As part of the response program, impact assessments conducted by UnitingWorld/UCPNG-trained personnel were instrumental in the WFP being able to secure $14 million (USD) from the United Nations Central Emergency Response Fund. The money is being used to effectively distribute food to four areas in the Highlands and Milne Bay that were identified as most severely affected.

The funds were urgently needed, as the cost of providing a diet containing sufficient energy and protein for large populations is enormous, and it meant that UnitingWorld’s capacity to respond

Photo credit: James Komengi

was limited and had to be carefully targeted to particular areas based on need. The WFP funding assistance made possible by the efforts of UCPNG staff and others, has meant that food distributions now better match the scale that is needed to address the emergency.

UCPNG staff have also been involved in delivering frontline emergency supplies as part of the World Food Program’s national response, delivering emergency food supplies to the four ‘Local Level Government’ areas in Hela and Enga Provinces in the Highlands; home to more than 140,000 people.

Food distribution and livelihood recovery activities in many of these areas are extremely challenging because of their remote locations and fragile security situations caused by enduring tribal conflicts. The expertise of UCPNG staff has provided invaluable support to the WFP in ensuring food is distributed in ways that avoid fueling tribal tensions.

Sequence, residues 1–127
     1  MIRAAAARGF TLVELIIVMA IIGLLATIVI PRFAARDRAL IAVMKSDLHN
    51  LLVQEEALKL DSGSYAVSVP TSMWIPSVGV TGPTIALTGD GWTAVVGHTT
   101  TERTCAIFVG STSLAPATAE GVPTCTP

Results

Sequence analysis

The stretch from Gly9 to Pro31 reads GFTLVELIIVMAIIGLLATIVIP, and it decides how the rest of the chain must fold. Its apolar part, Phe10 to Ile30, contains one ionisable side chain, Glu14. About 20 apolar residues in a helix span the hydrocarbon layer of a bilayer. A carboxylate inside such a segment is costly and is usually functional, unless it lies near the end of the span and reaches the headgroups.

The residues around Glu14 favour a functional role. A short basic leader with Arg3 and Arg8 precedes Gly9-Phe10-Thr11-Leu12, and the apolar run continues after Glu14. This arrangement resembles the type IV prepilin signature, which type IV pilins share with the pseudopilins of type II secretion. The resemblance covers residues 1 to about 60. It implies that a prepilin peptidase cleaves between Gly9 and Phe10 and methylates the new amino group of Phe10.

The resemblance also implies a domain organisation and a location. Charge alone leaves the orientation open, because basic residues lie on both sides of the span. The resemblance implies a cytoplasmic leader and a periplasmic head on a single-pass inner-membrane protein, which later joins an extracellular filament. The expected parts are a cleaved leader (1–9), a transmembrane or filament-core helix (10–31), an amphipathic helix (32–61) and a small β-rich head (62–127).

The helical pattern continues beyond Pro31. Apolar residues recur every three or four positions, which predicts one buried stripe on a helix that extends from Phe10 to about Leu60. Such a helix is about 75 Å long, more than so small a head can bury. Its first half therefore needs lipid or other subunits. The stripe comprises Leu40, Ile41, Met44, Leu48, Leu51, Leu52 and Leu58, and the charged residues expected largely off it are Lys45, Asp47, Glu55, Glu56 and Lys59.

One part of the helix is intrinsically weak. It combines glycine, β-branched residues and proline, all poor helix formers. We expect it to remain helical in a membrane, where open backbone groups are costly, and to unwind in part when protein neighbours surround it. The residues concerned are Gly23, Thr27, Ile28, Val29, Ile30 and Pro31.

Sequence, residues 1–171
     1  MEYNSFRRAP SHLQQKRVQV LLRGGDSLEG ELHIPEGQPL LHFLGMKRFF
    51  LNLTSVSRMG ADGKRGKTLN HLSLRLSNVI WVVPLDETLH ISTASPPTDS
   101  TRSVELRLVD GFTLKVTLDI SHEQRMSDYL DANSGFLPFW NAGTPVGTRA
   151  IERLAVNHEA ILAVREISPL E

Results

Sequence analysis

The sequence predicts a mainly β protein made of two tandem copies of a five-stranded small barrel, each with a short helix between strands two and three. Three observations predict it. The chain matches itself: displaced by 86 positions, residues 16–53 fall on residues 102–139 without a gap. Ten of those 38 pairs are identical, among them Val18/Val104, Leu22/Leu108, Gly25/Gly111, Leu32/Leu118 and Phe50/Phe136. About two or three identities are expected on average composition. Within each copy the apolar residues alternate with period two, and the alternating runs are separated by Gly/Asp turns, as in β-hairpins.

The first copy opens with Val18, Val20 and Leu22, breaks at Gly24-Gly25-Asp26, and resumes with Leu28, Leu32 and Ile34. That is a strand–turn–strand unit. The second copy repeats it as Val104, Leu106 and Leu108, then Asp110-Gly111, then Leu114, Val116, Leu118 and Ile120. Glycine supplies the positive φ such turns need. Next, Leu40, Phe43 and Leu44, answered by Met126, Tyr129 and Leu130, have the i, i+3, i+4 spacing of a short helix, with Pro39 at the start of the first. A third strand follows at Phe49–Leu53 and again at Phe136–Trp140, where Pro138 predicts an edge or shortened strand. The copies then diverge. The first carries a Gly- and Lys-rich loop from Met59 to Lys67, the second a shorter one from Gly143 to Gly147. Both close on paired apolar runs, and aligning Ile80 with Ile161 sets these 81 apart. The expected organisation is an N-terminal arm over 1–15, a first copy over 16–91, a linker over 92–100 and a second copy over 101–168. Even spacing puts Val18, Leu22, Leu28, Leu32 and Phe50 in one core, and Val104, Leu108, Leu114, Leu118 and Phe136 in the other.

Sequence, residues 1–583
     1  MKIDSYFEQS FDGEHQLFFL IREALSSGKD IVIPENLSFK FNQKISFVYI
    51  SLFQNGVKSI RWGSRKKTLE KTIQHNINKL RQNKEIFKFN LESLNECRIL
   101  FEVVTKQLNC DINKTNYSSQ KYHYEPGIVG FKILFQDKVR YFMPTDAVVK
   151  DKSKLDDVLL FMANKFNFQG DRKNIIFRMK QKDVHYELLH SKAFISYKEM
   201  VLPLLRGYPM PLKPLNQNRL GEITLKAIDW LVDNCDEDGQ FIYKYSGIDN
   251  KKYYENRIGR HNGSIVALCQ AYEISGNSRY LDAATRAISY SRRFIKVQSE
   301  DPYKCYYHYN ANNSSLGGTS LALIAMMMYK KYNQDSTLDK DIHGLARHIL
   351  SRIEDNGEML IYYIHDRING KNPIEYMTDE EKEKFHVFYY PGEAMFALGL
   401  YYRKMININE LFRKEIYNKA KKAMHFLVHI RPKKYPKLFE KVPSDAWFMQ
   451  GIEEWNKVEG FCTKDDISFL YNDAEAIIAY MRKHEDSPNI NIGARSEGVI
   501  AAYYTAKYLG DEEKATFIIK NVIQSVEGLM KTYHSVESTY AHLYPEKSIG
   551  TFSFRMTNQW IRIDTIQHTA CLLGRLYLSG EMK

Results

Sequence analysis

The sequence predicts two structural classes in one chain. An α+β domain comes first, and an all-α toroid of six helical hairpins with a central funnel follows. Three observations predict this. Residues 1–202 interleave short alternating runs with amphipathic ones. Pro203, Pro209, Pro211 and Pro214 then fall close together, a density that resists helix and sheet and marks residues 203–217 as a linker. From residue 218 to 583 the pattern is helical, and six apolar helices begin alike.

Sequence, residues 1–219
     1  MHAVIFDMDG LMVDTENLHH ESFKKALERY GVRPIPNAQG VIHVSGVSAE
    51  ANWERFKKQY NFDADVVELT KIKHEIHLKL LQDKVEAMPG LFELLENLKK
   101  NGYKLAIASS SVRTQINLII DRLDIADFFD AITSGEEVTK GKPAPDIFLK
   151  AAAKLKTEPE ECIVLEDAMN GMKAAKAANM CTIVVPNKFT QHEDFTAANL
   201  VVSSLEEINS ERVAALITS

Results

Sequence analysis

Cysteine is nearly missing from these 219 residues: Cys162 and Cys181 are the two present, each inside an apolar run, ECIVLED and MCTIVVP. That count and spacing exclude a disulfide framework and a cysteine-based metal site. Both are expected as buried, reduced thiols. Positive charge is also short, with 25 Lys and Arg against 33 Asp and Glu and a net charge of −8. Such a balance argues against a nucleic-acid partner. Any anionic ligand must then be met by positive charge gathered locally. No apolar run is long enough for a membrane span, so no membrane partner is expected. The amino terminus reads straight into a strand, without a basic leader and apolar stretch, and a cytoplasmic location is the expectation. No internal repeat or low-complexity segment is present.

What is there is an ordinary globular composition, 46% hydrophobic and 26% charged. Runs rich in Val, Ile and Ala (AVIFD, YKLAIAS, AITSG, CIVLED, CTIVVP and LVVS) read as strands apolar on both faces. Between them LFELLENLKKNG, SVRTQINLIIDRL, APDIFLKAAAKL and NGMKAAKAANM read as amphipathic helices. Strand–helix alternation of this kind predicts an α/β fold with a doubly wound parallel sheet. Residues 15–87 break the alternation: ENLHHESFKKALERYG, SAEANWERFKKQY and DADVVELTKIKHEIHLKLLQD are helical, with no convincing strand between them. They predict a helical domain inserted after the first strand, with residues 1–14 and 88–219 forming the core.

UnitingWorld’s Emergency Response Coordinator Michael Constable has praised the work of UCPNG in responding to the emergency.

Photo credit: James Komengi

“These successes highlight the strength of collaboration and innovation in delivering humanitarian assistance in extremely difficult environments. Supporting local communities to take leadership roles in preparedness, response, early recovery and risk reduction is not only effective, it’s essential in PNG” said Mr Constable.

“Enabled by the support of donors, the work of UCPNG has likely prevented thousands from dying of starvation, kept entire communities from becoming entrenched in poverty, and spared a generation of children living in remote communities from the irreversible effects of malnutrition.”

The emergency is far from over, however. The drought has severely impacted food security in many areas of PNG, exacerbated by weather patterns that are expected to continue into late 2016. UCPNG staff are currently involved in planning a collaborative food distribution to 77,000 people in Milne Bay Province with a range of national and intergovernmental organisations.

UnitingWorld will continue to support our partner UCPNG as they carry out relief operations and rebuild the livelihoods of people in Papua New Guinea.

Thank you! This work would not have been possible without the more than $180,000 raised by UnitingWorld supporters. Together, we’ve made a huge impact to the lives of people struggling to overcome famine and drought. Please continue to pray for the work of UCPNG and the people of Papua New Guinea.